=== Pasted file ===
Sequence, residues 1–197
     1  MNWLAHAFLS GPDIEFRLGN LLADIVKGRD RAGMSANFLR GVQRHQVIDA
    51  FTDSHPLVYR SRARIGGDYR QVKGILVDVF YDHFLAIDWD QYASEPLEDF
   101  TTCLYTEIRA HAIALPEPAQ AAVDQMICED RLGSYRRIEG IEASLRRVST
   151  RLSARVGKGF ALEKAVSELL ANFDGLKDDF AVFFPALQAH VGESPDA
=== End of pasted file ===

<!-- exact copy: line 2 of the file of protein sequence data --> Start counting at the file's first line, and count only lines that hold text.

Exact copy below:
     1  MNWLAHAFLS GPDIEFRLGN LLADIVKGRD RAGMSANFLR GVQRHQVIDA